East Medical Building

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The East Medical Building stands at the angle formed by the junction of East University and Washtenaw avenues. Shaped somewhat like a "V," with a short arm facing on Washtenaw, a longer one on East University, and a blunted end at the angle formed by these streets, it rises five stories above street level. Dark red brick, faced with white stone trim, emphasizes its straight unadorned lines and helps achieve harmony with the East Engineering Building just to the south. The main entrance is on East University Avenue, in a section marked by four great engaged Corinthian pillars, with a smaller entrance on the Washtenaw side and two delivery entrances from the court.

The first steps toward construction of the building came in 1923, when the University requested the legislature for a general building appropriation of $7,277,000, of which $2,990,000 was to complete the new Hospital. On March 15 and 16 of that year the entire lawmaking body came to Ann Arbor to survey the campus and to listen to a plea for funds from President Burton. Subsequently, the legislature appropriated $3,800,000 for the building program for the biennium, the sum of $2,300,000 to be used for the completion of the University Hospital. Provision, however, for a new medical building was also made.

Ground was broken for this addition to the Medical School late in October, 1923, and the work, for which the University Buildings and Grounds Department acted as contractors, proceeded according to the plans drawn up by the architect, Albert Kahn, of Detroit. The building, which was ready for occupancy eighteen months later, on February 15, 1925, cost $858,283.32 and provides 184,658 square feet of floor space, including space used on the roof.

The basement floor has two large rooms, one containing refrigerating machinery and an electrical switchboard, the other a completely equipped morgue. The first floor of the west wing includes research rooms for anatomy and quarters for the animals needed in the work, as well as rooms for photographic and wax-plate equipment. Also on this floor are rooms for receiving, refrigerating, embalming, and preserving bodies. On the northeast side is stored material for the Department of Bacteriology with rooms equipped with special lighting for bacteriological research. In addition, space has been allotted for photographic rooms, a general research room for advanced students, and quarters for the Pasteur Institute. The section joining the two arms of the building is taken up by classrooms and a large lecture room.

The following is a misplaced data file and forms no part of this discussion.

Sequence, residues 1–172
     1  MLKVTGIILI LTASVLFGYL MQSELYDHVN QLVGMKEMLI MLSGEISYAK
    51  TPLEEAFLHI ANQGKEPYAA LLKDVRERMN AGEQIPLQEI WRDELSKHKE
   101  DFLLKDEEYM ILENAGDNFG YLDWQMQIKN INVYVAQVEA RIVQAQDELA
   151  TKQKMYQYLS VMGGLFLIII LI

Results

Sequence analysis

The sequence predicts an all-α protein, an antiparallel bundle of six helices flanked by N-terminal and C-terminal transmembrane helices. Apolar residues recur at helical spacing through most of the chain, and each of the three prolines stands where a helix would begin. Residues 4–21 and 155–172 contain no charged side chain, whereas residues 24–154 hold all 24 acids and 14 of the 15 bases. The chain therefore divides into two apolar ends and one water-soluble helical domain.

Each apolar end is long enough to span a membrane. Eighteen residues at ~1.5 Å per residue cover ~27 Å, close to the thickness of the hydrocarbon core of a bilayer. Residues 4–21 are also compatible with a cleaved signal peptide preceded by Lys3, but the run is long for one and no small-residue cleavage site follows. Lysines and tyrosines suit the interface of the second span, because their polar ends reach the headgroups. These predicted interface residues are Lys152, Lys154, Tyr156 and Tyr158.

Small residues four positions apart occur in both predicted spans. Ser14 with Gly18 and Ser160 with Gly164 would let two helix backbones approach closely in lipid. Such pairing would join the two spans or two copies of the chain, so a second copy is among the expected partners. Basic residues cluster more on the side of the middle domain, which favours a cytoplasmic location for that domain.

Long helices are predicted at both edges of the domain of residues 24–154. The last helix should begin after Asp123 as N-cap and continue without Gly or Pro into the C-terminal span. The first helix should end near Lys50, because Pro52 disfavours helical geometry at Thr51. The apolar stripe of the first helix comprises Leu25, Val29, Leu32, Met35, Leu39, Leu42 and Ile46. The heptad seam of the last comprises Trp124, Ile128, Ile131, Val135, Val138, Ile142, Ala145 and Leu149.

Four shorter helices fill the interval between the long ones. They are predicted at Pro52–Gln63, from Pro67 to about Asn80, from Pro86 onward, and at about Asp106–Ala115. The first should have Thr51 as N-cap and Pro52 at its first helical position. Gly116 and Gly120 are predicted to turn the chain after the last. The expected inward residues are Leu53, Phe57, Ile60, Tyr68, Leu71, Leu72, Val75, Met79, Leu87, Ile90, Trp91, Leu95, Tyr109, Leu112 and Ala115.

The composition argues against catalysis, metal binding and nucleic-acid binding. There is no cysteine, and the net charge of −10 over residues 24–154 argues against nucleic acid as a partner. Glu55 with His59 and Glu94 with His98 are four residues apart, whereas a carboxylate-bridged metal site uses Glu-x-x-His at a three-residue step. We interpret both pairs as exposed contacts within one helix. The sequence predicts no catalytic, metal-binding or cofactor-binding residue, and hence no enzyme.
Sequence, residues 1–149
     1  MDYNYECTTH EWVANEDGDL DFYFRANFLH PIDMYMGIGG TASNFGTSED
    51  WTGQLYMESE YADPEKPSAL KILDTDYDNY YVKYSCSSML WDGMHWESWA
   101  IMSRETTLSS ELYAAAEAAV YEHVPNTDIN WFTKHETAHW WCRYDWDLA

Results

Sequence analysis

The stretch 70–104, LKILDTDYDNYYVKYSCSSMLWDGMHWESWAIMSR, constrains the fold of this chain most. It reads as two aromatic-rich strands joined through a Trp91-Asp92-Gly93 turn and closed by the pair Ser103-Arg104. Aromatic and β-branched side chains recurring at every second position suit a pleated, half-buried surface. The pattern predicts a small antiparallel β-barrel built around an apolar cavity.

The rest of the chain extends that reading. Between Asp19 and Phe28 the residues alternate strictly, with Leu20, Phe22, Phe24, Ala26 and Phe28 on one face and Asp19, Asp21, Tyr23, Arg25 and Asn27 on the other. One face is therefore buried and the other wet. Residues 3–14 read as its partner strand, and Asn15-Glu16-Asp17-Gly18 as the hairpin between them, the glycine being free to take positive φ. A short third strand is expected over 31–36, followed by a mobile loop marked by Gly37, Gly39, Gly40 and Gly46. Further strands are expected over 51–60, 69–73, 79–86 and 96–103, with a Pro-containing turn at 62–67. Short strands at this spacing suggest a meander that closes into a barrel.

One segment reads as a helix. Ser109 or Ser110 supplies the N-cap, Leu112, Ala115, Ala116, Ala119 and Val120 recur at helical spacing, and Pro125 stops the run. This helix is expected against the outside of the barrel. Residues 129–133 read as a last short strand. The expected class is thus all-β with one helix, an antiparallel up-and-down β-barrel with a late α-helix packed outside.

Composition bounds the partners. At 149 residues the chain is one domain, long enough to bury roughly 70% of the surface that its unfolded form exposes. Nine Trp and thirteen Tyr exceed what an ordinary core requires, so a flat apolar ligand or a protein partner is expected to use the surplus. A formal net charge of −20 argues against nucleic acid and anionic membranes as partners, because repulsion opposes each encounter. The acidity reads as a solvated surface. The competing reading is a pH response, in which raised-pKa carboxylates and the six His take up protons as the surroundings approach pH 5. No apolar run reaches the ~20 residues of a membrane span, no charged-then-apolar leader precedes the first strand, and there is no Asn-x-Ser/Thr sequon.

A general laboratory for introductory work in physiology occupies the second floor of the west wing, with accessory rooms for individual work in respiration and mammalian physiology. The second and third floors of the northeast wing are devoted chiefly to general bacteriological laboratories and accessory rooms, with private rooms for the use of instructors and laboratories for advanced bacteriology and parasitology.

The space between the wings has a large laboratory with additional rooms for general histology on the second floor, and on the third floor this part of the building houses a general laboratory for gross anatomy for students in dentistry and physical education. Rooms for galvanometric studies, used by the general class in physiology for special work in X-ray, are in the west wing of the third floor, and laboratories for advanced work in physiology, with additional research rooms, occupy the remainder of this section of the building.

On the fourth floor west wing provision has been made for the director's laboratory and, adjoining it, a secretary's office. Just to the north are a library, presented to the Medical School by Dr. Warren F. Lombard, Professor of Physiology (1892-1923), and the main research rooms of the Department of Physiology. Near the end of this corridor a large classroom, formed by a bay, is used jointly by the Physiology and Anatomy departments. The main Anatomical Laboratory for medical students, with accessory rooms, is at the junction of the wings; the northeast wing contains additional research rooms for the Department of Anatomy, as well as facilities for the study of embryology and comparative neurology. Quarters are also provided for special work in anatomy for juniors and seniors.

Animal quarters and rooms for work on animals occupy almost the entire fifth floor, with individual kennels opening on wide runways where the dogs may exercise. Preparation of human bone material is also carried on in specially designated rooms on this floor.

Source: The University of Michigan: An Encyclopedic Survey; Walter A. Donnelly, Wilfred B. Shaw, and Ruth W. Gjelsness, editors; Ann Arbor : University of Michigan Press, 1958.